Did you know that any school community member can submit a recommendation for these funds? As we head into summer break, these funds can help students whose families could use extra support with groceries or access to summer enrichment programs. 

Googling for "Amplify" and Seeing the Future From the Past

I was looking for some information about Amplify Science K-5 and I stumbled onto a report by one of the many public education coalition groups (Google "public education coalition groups" and see how many turn up).   This particular one is called America Forward.

What I found was a submission to the Office of Science and Technology Policy to comment on a Federal Register Notice regarding "High Impact Learning Technologies" from America Forward.  This was the focus for comments;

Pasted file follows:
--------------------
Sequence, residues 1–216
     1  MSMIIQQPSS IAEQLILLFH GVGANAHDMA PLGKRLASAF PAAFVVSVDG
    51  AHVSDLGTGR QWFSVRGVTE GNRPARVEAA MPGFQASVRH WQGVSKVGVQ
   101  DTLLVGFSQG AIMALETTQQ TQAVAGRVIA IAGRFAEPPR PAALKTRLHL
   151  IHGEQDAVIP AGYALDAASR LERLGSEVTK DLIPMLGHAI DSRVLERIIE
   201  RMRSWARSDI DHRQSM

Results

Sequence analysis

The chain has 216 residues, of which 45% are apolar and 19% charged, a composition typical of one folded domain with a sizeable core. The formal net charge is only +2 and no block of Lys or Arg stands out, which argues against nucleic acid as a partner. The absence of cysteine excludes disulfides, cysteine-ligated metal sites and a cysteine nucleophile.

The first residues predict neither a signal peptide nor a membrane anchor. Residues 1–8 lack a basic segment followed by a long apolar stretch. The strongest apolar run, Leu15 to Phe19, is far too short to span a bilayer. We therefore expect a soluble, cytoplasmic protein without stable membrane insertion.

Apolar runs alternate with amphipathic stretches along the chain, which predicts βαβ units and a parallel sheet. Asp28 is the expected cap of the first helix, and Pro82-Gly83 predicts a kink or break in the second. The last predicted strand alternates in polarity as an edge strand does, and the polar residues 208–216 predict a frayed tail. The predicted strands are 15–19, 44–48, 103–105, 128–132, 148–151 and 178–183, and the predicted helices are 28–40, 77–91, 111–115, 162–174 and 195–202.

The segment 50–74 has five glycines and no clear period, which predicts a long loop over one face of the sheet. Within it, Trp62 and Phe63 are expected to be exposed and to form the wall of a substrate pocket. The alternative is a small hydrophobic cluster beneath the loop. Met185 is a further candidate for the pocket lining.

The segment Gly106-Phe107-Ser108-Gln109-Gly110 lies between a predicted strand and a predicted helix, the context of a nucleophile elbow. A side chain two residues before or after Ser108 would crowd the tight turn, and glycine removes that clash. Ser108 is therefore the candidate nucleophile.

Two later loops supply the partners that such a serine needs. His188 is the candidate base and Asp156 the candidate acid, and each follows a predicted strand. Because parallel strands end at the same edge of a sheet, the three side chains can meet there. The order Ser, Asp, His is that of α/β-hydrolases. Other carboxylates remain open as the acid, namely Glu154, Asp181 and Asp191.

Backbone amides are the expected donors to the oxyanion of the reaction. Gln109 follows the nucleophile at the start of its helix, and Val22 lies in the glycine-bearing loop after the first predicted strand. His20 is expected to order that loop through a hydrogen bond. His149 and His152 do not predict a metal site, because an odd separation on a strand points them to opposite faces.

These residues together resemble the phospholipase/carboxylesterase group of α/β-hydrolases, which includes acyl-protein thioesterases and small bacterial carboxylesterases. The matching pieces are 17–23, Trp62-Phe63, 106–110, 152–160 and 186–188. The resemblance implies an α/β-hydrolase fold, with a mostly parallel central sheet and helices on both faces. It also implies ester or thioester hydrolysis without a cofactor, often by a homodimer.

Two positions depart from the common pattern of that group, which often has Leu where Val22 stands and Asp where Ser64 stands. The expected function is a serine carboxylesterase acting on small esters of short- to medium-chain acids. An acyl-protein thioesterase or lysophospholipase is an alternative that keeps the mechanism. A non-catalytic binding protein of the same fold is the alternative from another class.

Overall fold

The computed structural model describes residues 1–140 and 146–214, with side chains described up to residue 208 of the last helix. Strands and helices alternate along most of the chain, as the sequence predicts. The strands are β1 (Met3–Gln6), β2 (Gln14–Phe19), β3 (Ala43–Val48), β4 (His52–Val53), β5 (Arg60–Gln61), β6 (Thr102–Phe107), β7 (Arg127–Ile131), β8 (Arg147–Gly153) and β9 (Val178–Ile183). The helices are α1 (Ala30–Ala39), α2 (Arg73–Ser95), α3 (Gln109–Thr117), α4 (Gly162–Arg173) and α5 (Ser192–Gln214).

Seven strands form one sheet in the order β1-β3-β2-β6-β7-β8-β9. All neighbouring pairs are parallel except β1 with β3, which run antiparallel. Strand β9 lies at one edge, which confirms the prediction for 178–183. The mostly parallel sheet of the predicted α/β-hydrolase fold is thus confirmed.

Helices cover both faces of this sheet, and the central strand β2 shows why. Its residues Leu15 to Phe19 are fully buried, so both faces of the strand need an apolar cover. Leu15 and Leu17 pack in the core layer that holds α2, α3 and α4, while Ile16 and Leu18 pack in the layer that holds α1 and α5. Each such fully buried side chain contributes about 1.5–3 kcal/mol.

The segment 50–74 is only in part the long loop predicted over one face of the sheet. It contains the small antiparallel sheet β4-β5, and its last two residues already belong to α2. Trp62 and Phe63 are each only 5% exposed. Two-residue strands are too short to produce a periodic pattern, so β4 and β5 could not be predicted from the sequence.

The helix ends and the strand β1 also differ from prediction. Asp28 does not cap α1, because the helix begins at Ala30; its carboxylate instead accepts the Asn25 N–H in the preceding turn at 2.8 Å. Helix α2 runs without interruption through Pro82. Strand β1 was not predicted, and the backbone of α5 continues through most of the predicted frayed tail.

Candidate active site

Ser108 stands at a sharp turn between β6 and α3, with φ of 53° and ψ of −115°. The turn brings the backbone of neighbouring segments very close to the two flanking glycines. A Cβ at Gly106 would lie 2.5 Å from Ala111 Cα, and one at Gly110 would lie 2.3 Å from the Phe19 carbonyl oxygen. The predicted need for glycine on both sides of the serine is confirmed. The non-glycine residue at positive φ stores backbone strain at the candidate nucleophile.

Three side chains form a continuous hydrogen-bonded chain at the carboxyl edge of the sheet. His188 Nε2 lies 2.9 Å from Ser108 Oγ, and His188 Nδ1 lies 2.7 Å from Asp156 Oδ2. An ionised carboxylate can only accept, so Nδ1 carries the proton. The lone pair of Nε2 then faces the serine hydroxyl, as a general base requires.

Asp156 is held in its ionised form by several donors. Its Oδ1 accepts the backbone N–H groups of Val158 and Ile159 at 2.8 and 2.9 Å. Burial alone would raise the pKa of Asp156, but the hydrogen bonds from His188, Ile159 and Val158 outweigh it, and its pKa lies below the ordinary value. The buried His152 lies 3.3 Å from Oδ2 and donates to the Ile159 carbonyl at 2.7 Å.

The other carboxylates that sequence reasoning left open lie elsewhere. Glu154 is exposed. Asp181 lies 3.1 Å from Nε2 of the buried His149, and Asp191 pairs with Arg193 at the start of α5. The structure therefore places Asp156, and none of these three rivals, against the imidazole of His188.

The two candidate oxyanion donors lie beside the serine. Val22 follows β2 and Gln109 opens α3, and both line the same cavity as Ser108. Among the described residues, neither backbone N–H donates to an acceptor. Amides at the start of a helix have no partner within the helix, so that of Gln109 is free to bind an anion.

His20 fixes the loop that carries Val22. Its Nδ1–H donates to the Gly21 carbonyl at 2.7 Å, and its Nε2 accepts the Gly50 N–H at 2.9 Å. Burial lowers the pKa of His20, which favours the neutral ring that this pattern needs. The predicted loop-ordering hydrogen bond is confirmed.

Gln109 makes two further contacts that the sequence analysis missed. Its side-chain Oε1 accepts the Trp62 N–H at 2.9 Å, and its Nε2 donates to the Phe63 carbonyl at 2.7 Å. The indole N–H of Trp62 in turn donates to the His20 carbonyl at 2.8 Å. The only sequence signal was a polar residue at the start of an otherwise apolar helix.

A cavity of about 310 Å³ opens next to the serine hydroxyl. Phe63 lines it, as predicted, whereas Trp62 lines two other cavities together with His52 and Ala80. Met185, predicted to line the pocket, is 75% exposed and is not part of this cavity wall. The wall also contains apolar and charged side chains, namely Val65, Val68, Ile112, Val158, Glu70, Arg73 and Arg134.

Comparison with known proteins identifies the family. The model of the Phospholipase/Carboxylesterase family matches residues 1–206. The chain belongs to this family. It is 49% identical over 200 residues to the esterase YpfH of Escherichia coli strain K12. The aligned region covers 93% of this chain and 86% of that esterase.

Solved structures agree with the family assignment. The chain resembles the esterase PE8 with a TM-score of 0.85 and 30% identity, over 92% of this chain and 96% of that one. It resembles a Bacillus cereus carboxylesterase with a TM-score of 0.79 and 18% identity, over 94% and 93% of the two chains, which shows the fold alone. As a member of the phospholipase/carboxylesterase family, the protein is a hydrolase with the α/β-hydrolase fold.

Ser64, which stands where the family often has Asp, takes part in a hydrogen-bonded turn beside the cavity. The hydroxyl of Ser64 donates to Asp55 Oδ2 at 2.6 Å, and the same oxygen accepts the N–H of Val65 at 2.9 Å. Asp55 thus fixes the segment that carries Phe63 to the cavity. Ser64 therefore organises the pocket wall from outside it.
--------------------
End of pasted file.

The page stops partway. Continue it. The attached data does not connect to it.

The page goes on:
We are very supportive of OSTP developing policies related to high-impact learning technologies outlined in the notice, and are especially eager to comment on the use of Pay for Success (PFS) as a ‘pull mechanism’ to accelerate the development, rigorous evaluation, and widespread adoption of high impact learning technologies.
At first I was a bit puzzled how this pulled up for a search of Amplify.   I scrolled down to page 7 which had a list of the-then coalition members. No Amplify.  But I get to page eight and there's input from none other than Amplify Learning, dated March 7, 2014.

I think it's important in the context of the recent adoption of Amplify K-8 for SPS to consider these words carefully (color mine).

Thursday, June 13, 2019

Seattle Schools Evicts Native Youth Program from Robert Eagle Staff MS